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Physicists Finally Nail the Proton's Size, and Hope Dies Quanta Magazine

#artificialintelligence

In 2010, physicists in Germany reported that they had made an exceptionally precise measurement of the size of the proton, the positively charged building block of atomic nuclei. The result was very puzzling. Randolf Pohl of the Max Planck Institute of Quantum Optics and collaborators had measured the proton using special hydrogen atoms in which the electron that normally orbits the proton was replaced by a muon, a particle that's identical to the electron but 207 times heavier. Pohl's team found the muon-orbited protons to be 0.84 femtometers in radius -- 4% smaller than those in regular hydrogen, according to the average of more than two dozen earlier measurements. If the discrepancy was real, meaning protons really shrink in the presence of muons, this would imply unknown physical interactions between protons and muons -- a fundamental discovery.


Physicists Finally Nail the Proton's Size, and Hope Dies Quanta Magazine

#artificialintelligence

In 2010, physicists in Germany reported that they had made an exceptionally precise measurement of the size of the proton, the positively charged building block of atomic nuclei. The result was very puzzling. Randolf Pohl of the Max Planck Institute of Quantum Optics and collaborators had measured the proton using special hydrogen atoms in which the electron that normally orbits the proton was replaced by a muon, a particle that's identical to the electron but 207 times heavier. Pohl's team found the muon-orbited protons to be 0.84 femtometers in radius -- 4% smaller than those in regular hydrogen, according to the average of more than two dozen earlier measurements. If the discrepancy was real, meaning protons really shrink in the presence of muons, this would imply unknown physical interactions between protons and muons -- a fundamental discovery.


The proton radius revisited

Science

The nucleus of all atoms consists of protons and neutrons, and the simplest of all atoms, hydrogen, has just one proton. The radius of the proton is very small, about 1 fm (1 fm is 10 15 m), smaller than the radius of a hydrogen atom by a factor of 60,000. As a proton is such a fundamental particle, much effort is devoted to measuring its size. Since 2010, proton size has been puzzling theorists and experimentalists alike. Measuring transition frequencies in an exotic form of hydrogen, where instead of an electron a muon--an elementary particle 200 times heavier than the electron--is orbiting the proton, a 4% smaller proton size was found (1).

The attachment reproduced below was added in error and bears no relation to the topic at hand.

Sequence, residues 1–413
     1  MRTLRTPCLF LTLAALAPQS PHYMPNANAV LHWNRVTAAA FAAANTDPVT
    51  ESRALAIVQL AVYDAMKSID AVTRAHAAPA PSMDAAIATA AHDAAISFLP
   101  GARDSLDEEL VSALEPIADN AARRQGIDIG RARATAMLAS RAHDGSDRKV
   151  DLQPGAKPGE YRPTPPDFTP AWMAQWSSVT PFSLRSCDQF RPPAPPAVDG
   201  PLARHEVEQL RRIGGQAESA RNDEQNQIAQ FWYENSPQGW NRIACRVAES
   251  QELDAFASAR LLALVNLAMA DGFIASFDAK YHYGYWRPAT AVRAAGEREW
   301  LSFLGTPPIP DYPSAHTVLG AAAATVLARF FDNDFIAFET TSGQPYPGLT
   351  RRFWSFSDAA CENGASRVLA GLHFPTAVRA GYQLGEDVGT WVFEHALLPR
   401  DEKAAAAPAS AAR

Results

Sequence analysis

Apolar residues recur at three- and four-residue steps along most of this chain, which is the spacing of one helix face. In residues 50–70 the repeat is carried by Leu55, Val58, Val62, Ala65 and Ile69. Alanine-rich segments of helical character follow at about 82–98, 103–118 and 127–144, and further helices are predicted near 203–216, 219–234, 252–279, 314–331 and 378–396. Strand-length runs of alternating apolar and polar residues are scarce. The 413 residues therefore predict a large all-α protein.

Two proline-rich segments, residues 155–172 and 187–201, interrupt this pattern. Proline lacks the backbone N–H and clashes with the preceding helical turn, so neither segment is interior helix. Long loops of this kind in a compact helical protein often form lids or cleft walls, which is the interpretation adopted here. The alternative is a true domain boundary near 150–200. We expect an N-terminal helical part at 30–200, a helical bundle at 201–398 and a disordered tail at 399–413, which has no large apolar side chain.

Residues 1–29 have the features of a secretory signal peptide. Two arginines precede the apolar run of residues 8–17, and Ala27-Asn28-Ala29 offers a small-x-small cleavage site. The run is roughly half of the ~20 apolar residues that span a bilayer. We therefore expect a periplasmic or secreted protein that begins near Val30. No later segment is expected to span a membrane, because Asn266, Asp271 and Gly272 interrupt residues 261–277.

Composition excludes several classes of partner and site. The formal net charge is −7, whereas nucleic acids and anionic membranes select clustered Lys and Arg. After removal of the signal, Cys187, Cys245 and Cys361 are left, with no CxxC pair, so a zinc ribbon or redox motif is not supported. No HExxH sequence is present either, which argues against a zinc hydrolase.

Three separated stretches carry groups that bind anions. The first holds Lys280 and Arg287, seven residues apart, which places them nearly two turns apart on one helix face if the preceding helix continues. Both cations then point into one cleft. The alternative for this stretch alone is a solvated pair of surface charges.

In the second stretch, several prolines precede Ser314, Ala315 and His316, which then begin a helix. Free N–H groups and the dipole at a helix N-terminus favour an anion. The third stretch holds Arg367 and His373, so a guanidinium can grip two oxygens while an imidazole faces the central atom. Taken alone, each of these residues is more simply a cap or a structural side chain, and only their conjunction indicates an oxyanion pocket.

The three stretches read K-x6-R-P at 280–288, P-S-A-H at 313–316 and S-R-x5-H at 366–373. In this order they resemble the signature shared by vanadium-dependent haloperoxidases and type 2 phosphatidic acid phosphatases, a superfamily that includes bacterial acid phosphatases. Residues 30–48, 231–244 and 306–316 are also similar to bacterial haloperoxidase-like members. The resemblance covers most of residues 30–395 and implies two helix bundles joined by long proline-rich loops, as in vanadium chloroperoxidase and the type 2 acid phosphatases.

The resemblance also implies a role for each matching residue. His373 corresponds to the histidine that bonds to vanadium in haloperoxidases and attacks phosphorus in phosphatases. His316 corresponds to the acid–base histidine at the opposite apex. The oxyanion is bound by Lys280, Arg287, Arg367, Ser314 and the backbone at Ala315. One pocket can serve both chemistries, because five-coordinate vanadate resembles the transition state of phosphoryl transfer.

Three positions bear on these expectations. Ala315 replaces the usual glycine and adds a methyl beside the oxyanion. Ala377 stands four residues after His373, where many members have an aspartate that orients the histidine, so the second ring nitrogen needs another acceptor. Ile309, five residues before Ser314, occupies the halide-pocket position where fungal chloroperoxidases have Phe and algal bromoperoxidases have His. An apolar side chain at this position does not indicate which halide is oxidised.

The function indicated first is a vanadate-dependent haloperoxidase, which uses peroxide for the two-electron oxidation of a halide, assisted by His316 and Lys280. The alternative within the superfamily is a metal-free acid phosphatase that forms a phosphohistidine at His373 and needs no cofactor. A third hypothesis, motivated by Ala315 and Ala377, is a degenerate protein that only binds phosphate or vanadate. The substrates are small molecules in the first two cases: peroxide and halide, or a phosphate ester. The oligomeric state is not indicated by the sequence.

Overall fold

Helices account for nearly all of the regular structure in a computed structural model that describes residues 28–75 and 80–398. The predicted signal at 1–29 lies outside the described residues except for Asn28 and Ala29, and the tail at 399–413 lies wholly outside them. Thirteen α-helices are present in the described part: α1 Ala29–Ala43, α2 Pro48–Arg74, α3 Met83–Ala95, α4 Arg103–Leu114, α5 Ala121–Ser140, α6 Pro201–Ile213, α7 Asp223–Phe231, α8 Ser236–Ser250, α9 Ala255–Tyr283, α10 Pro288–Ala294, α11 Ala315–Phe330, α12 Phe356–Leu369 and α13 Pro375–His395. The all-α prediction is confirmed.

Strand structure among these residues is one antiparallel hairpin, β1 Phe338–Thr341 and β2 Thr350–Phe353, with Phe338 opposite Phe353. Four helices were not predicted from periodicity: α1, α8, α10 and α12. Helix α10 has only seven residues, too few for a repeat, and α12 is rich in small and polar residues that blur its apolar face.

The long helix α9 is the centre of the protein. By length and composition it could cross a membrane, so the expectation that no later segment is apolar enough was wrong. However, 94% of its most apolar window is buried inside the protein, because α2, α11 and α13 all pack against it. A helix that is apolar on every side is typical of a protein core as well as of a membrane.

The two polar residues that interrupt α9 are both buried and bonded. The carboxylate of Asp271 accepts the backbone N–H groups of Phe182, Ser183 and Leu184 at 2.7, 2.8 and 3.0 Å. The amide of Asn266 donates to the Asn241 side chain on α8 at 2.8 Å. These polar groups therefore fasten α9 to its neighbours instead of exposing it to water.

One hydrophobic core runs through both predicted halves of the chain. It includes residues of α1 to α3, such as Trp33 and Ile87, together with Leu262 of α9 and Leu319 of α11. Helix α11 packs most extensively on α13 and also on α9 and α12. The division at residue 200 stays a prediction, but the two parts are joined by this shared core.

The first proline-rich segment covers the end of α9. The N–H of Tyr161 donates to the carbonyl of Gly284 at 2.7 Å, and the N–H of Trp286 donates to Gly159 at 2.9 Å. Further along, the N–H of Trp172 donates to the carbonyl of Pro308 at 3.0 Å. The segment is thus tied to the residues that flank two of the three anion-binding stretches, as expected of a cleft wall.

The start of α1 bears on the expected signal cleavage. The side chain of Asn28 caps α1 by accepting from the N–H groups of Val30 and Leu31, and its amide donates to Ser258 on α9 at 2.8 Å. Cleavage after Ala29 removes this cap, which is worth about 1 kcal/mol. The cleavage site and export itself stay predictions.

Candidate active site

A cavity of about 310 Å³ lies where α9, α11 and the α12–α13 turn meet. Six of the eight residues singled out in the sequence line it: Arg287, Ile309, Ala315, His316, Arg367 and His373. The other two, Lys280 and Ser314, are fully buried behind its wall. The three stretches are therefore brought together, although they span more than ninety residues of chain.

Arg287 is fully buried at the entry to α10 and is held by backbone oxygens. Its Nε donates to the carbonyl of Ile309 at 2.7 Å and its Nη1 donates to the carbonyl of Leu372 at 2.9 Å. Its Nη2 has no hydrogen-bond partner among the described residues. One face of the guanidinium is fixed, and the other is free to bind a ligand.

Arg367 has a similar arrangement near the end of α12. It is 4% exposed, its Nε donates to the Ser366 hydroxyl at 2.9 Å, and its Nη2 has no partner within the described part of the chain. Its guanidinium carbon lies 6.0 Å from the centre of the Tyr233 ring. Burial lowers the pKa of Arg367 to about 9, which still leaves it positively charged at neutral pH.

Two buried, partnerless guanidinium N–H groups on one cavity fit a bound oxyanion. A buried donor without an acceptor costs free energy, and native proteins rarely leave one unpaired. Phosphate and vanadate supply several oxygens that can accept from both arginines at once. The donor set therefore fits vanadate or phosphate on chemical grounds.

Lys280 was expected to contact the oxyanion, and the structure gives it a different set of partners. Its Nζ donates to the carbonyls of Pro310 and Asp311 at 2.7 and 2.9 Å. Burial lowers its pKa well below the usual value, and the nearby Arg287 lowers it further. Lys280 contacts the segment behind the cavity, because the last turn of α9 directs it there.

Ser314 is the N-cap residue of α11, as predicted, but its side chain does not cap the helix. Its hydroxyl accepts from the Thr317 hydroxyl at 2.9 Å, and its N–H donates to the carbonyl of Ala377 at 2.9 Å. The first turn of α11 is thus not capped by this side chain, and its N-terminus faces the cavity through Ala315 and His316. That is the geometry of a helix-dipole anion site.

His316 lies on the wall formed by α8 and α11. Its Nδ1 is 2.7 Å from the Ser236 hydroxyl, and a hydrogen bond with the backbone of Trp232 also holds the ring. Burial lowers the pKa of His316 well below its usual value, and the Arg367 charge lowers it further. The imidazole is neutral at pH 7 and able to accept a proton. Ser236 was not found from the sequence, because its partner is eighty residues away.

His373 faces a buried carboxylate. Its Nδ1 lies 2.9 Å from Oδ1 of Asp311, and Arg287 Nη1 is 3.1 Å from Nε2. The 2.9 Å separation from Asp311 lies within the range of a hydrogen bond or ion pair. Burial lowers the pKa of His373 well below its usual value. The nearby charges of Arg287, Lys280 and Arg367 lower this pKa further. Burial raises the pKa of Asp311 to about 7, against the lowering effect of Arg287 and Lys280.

Physicists Are Closer to Knowing the Size of a Proton … Sort of

WIRED

How big is a proton? That might sound like a pretty simple question, but it turned out to have the potential to wreck a lot of modern physics. That's because different methods of measuring the proton's charge radius produced results that disagreed--and not just by a little bit. The answers were four standard deviations apart. But now, a new and improved measurement brings them into much closer alignment--though not quite close enough that we can consider the issue resolved. This story originally appeared on Ars Technica, a trusted source for technology news, tech policy analysis, reviews, and more.


How big is a proton? We may finally have the answer to this puzzle

New Scientist

We aren't quite sure what the radius of a proton is and a new way of measuring has helped to fix the puzzle. Until 2010, we were fairly sure about the size of the proton. We had measured it using hydrogen atoms, which are made of one proton and one electron.